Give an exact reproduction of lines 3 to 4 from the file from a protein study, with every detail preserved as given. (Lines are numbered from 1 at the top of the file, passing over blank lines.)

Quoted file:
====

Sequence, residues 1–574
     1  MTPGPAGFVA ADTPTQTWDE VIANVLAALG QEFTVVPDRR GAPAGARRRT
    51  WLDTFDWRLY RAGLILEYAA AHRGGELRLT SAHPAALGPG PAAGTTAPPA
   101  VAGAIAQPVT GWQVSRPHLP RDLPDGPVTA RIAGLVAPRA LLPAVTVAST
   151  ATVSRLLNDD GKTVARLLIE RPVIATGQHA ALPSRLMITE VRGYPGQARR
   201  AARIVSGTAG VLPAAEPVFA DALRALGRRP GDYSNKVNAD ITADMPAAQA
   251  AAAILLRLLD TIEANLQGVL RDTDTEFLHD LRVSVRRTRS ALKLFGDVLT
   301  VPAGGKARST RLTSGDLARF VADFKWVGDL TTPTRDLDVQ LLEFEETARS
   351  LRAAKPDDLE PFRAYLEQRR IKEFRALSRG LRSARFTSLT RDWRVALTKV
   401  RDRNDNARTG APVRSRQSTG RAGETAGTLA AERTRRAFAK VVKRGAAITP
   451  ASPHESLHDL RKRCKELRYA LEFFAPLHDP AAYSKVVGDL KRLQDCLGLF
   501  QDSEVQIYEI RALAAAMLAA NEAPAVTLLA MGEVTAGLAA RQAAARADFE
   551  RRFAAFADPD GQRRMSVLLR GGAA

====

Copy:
    51  WLDTFDWRLY RAGLILEYAA AHRGGELRLT SAHPAALGPG PAAGTTAPPA
   101  VAGAIAQPVT GWQVSRPHLP RDLPDGPVTA RIAGLVAPRA LLPAVTVAST